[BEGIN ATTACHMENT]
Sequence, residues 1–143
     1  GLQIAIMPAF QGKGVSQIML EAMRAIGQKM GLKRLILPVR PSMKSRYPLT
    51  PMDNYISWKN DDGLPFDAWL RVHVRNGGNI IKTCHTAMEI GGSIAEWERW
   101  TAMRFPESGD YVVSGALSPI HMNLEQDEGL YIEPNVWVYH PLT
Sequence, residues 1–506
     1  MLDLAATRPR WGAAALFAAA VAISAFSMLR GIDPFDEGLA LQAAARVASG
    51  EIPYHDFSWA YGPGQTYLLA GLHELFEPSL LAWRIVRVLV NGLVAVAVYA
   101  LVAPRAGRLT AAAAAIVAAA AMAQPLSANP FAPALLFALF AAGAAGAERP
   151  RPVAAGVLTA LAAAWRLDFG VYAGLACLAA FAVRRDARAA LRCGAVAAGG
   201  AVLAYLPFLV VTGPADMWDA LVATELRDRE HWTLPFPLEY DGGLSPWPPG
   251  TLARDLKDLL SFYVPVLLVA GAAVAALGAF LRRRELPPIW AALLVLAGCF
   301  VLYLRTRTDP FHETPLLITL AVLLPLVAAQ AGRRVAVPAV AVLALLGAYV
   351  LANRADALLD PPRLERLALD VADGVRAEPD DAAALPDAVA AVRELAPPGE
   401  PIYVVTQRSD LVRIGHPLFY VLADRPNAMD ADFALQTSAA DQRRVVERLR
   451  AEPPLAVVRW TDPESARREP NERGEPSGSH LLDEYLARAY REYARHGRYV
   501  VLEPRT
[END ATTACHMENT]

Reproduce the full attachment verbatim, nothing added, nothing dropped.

Sequence, residues 1–143
     1  GLQIAIMPAF QGKGVSQIML EAMRAIGQKM GLKRLILPVR PSMKSRYPLT
    51  PMDNYISWKN DDGLPFDAWL RVHVRNGGNI IKTCHTAMEI GGSIAEWERW
   101  TAMRFPESGD YVVSGALSPI HMNLEQDEGL YIEPNVWVYH PLT
Sequence, residues 1–506
     1  MLDLAATRPR WGAAALFAAA VAISAFSMLR GIDPFDEGLA LQAAARVASG
    51  EIPYHDFSWA YGPGQTYLLA GLHELFEPSL LAWRIVRVLV NGLVAVAVYA
   101  LVAPRAGRLT AAAAAIVAAA AMAQPLSANP FAPALLFALF AAGAAGAERP
   151  RPVAAGVLTA LAAAWRLDFG VYAGLACLAA FAVRRDARAA LRCGAVAAGG
   201  AVLAYLPFLV VTGPADMWDA LVATELRDRE HWTLPFPLEY DGGLSPWPPG
   251  TLARDLKDLL SFYVPVLLVA GAAVAALGAF LRRRELPPIW AALLVLAGCF
   301  VLYLRTRTDP FHETPLLITL AVLLPLVAAQ AGRRVAVPAV AVLALLGAYV
   351  LANRADALLD PPRLERLALD VADGVRAEPD DAAALPDAVA AVRELAPPGE
   401  PIYVVTQRSD LVRIGHPLFY VLADRPNAMD ADFALQTSAA DQRRVVERLR
   451  AEPPLAVVRW TDPESARREP NERGEPSGSH LLDEYLARAY REYARHGRYV
   501  VLEPRT